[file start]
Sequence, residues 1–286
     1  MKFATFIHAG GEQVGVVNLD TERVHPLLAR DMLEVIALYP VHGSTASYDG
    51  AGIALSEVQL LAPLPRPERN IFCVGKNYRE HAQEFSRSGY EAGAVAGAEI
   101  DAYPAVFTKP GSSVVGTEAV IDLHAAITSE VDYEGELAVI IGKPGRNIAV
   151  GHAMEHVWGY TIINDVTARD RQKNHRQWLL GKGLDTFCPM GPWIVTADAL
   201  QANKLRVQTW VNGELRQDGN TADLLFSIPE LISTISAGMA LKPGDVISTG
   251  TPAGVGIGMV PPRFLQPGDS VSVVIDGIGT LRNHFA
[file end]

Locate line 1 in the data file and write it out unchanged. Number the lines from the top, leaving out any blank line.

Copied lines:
Sequence, residues 1–286